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Phonological Disorder

The main feature of the phonological disorder is the lack of smoothness and sound harmony expected in the speech of the person in accordance with his age, dialect and developmental period. These children cannot make the speech sounds they are expected to make.

Phonological Disorder

The main feature of the phonological disorder is the lack of smoothness and sound harmony expected in the speech of the person in accordance with his age, dialect and developmental period. These children cannot make the speech sounds they are expected to make. Dissonance and use of the voice may be in the form of incorrect emphasis and selection, or irregularities in arrangement (for example, the use of the "t" sound instead of the "k" sound). Some omissions can be made, such as not saying the consonants at the end.

 

Difficulties with making speech sounds interfere with school success, professional success, or social communication. The sounds that are most frequently made wrong are the sounds that are expected to improve with age, such as "ı, r, s, z, t, ç". However, mistakes can be made in vowels and consonants that should be learned in the early period in those who are younger or more severely affected. Limping speech, which is manifested by discursive whistling sounds, is particularly common.

 

Phonological disorder also includes errors in the ordering and selection of sounds in syllables and words. The disorder may be accompanied by hearing impairment, disorders in the structure of the mouth, tongue, lips and palate, neurological conditions, cognitive limitations, or psychological problems.

 

The rate of phonological disorders of unknown cause in pre-school period is 2.5%. It is more common in boys than girls. The incidence and severity of the disorder also vary depending on age. It usually becomes evident by the age of 4 years. While its incidence is 3-5% in pre-school period, it is 2% in school-age children. Approximately 2-3% of 6-7 year olds have moderate to severe phonological impairment, whereas milder frequency is higher. After the age of 17, this rate drops to 0.5%.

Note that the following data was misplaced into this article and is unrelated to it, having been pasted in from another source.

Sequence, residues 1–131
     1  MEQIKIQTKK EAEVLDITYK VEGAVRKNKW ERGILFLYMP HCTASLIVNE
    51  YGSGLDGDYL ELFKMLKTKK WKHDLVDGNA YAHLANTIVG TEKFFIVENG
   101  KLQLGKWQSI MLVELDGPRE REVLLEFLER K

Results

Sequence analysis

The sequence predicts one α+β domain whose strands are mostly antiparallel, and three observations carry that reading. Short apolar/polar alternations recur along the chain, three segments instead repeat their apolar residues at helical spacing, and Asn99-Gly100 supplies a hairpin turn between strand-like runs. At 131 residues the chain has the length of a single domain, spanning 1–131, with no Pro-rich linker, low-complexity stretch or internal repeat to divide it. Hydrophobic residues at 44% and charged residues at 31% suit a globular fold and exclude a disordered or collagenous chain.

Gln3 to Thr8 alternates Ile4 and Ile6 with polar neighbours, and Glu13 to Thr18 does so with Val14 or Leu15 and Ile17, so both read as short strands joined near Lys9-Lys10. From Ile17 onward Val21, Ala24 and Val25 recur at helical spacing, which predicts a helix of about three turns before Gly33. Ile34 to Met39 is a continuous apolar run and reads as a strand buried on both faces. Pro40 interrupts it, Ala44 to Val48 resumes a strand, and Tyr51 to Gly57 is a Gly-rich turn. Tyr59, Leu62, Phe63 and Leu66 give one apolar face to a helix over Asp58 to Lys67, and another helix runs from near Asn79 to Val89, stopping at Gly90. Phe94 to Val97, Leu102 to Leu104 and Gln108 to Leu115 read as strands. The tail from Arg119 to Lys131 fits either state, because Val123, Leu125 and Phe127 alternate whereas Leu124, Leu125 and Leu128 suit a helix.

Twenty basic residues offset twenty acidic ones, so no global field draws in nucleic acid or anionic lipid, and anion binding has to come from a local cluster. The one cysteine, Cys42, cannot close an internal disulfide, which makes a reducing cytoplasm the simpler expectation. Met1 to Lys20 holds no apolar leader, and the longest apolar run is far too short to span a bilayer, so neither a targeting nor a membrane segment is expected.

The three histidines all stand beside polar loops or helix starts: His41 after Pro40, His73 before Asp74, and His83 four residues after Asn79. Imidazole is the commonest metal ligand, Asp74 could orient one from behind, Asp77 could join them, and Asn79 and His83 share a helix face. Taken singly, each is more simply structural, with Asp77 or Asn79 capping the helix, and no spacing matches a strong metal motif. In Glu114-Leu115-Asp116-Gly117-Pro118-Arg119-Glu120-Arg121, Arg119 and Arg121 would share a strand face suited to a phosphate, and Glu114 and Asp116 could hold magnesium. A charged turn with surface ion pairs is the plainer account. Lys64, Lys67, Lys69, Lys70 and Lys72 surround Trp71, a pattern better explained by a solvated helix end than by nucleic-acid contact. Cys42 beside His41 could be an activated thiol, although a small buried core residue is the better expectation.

In severe phonological disorder, the child's speech may not be understood even by family members. Milder degrees of the disorder may not be recognized until the preschool or school setting, but may be understood by those outside the family. Spontaneous recovery is common in mild degrees where the cause is unknown. While evaluating the development of communicative skills, the culture and language structure of the person should be taken into account, especially for those who grew up in environments where two languages are valid.

 

Mental retardation (MR), hearing impairment or another sensory disorder, a speech-related motor disorder, and severe environmental deprivation may be associated with speech disorders. The presence of these problems can be determined by intelligence testing, audiometric testing, neurological testing, and clinical examination. In such cases, in order to add a diagnosis of phonological disorder, the difficulty in speaking is expected to be more than that accompanying these problems.

 

Problems limited to speech rhythm or voice should be treated as stuttering. If speech disorders are due to a lack of environmental stimulus, correcting the environmental problem may provide a rapid improvement in the child's speech.

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